Yes, that is possible, and hopefully it will be the upstart who triumphs once again in the classic match!

Well, that won't be my hope, but I think this is OUR most genial back-and-forth in ages! The 'start of a beautiful friendship,' as Bogie says, in "Casablanca"? Smile
20-May-2013 01:29 AM
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RE: The Novak Calendar Slam: A Legitimate Possibility, Part II
(19-May-2013 07:35 PM)calitennis127 Wrote:  
(19-May-2013 02:52 PM)Broken_Shoelace Wrote:  It is not moronic to claim Nadal has more game that Djokovic on grass since he's less likely to be upset on the surface. If they were to play, I agree, Djokovic would be favored. But as is the case on clay (obviously to a much smaller extent), Nadal is better against the field. Aside from the Rosol debacle, Nadal had made the final in 5 out of 5 appearances since 2006. That says something. Of course, results don't matter, and Djokovic hits more winners than Nadal so that must mean he's better on grass overall.



No, what it means is that he has a higher ceiling of potential on the surface, and therefore if he isn't beating himself with petty, cheap errors, then he will clean Nadal's clock and pretty much everybody else's.

It also means that you either A) Don't understand tennis or B) Don't understand English, because having a "higher ceiling of potential" doesn't mean you're better.
(This post was last modified: 20-May-2013 02:05 AM by Broken_Shoelace.)
20-May-2013 02:04 AM
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the AntiPusher Online
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RE: The Novak Calendar Slam: A Legitimate Possibility, Part II
2) the way he got to the final last year and how he will want to avoid that trouble again,

Cali, can you explain what you mean by this? I am assuming that you may be referring to the match vs Tsonga. I actually thought that Tsonga out played Djoker until the 5 set. Tsonga never believe that he or any french player could win the French open title which he mentioned the weeks prior. This was very evident during the match when he squander silly points including mp in the 4th .
(This post was last modified: 20-May-2013 04:00 AM by the AntiPusher.)
20-May-2013 03:59 AM
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El Dude Online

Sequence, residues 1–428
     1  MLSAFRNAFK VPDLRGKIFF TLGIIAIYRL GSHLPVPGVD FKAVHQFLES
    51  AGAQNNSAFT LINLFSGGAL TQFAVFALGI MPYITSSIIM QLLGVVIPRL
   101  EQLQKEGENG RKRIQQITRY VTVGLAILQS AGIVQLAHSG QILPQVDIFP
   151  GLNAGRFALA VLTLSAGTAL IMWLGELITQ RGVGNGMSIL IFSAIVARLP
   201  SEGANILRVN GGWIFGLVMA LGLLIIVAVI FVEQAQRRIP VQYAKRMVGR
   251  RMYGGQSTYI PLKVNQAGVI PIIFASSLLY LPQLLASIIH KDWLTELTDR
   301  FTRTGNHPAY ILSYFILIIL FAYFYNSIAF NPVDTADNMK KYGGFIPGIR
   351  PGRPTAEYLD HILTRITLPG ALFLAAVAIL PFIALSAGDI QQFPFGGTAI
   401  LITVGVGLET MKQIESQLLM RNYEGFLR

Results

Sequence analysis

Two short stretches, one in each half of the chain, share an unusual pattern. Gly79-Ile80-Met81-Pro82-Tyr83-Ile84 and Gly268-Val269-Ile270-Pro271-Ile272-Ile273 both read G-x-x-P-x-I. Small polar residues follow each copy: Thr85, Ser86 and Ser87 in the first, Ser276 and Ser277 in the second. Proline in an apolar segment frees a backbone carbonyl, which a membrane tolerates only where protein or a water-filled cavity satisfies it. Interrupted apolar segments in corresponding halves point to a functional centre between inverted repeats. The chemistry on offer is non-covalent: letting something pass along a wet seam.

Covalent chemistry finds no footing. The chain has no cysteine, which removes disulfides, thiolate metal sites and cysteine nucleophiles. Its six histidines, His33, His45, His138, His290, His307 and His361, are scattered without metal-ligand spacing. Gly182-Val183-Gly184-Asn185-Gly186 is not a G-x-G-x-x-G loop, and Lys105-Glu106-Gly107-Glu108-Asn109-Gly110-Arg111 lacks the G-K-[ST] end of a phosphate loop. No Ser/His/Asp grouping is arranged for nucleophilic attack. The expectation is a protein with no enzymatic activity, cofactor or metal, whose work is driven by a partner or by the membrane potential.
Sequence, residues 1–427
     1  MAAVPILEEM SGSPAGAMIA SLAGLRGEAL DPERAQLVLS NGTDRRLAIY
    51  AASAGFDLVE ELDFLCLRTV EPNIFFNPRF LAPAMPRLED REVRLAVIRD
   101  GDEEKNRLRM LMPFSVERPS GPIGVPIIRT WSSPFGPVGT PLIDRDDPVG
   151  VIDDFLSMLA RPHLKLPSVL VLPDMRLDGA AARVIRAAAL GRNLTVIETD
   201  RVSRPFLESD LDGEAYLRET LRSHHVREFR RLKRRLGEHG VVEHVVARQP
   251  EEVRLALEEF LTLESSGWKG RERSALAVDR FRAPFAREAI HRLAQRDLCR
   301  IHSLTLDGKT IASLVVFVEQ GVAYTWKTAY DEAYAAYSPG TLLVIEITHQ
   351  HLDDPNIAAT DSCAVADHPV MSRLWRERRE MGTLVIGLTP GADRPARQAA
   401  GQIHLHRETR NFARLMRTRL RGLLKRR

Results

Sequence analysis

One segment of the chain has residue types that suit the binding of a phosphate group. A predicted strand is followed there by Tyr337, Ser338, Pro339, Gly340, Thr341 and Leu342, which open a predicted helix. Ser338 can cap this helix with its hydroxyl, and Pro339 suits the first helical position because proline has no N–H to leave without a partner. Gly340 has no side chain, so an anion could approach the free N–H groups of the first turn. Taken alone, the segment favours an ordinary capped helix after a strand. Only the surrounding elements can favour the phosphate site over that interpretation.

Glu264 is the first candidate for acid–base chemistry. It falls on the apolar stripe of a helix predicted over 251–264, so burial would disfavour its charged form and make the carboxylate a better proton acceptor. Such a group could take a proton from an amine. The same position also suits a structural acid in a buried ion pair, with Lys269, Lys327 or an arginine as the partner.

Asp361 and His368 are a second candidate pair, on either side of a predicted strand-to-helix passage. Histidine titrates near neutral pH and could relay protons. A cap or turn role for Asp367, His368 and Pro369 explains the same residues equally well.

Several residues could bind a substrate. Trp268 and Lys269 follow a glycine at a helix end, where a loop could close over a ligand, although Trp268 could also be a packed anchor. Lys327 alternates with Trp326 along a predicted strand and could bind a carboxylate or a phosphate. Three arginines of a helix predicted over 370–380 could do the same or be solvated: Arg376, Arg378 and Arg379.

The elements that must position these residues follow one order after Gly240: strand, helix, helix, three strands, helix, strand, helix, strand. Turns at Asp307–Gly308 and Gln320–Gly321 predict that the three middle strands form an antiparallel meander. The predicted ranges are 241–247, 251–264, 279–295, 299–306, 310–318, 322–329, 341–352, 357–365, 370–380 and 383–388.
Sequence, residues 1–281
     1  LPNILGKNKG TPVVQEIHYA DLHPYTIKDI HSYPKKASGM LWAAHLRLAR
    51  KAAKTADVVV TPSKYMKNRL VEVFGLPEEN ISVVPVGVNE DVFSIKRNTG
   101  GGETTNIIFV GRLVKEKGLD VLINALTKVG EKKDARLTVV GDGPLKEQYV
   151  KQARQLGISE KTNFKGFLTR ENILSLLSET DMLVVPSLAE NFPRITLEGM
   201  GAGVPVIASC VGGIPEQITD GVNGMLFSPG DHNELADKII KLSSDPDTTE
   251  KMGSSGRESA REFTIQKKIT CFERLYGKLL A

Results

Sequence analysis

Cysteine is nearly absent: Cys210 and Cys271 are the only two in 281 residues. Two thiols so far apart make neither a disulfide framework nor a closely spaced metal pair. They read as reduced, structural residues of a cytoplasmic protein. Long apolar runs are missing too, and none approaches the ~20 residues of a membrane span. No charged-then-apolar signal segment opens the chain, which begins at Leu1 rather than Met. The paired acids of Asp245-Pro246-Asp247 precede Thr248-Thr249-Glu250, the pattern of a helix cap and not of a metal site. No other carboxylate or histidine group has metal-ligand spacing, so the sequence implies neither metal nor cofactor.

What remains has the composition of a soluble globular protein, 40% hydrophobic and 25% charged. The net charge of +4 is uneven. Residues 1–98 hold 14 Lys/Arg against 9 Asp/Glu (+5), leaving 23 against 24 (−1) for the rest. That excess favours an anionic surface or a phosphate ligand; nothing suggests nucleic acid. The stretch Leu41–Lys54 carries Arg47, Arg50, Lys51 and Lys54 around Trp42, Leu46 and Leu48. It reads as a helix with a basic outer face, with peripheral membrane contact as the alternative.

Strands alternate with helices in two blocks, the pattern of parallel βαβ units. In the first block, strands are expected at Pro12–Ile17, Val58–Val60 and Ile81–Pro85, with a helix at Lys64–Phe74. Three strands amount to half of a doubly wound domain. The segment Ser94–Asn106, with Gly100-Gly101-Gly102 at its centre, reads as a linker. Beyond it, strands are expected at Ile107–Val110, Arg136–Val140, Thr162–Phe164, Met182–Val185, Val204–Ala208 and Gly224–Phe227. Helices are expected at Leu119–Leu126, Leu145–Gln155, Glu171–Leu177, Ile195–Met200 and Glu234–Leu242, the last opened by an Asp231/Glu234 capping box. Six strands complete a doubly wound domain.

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RE: The Novak Calendar Slam: A Legitimate Possibility, Part II
I agree that what Novak cares about are 1) The calendar Slam and 2) the #1 ranking and everything else (ATP 1000s, etc) are a distant third and almost comparatively inconsequential. That said, I don't see why losing ATP 1000s somehow helps 1 or 2, or is all part of his plan to steal the French Open from Nadal. I mean, if it was a matter of pacing himself and taking it easy, that would be one thing, but its not like he's 31 and needs to conserve energy; winning in lead-up tournaments to Roland Garros will not in any way hurt his chances at Roland Garros, unless we subscribe to the rather paranoid belief that he's somehow trying to fool Rafa into thinking he's rusty so Rafa underestimates him.

Perhaps Novak was distracted and/or not focused and therefore couldn't bring his A game because they just don't matter that much to him. I can buy that. But I do think he wants to win every tournament he plays in, just evidently not enough to win in the last couple tournaments.
20-May-2013 07:37 AM
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britbox Offline
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RE: The Novak Calendar Slam: A Legitimate Possibility, Part II
I think we've been accustomed to outrageous dominance from a handful of players - namely Federer, Nadal and the 2011 Djokovic. Basically we've all be spoiled rotten and if somebody falls a little short then we start questioning it far too much.

Outside of this era, under ANY assessment, Djokovic would already have had an outstanding year - he's won a major. Murray had an outstanding year last year. Federer did. Nadal has made an outstanding comeback.

Djokovic won't be overly concerned about Rome or Madrid. Grand slam tournaments are a different kettle of fish and one thing is for sure, he's a grand slam player. Roland Garros is the #1 priority of the year. I don't think a calendar grand slam (The Holy Grail) will even play on his mind until after Wimbledon (assuming he wins the channel slam).
20-May-2013 09:09 AM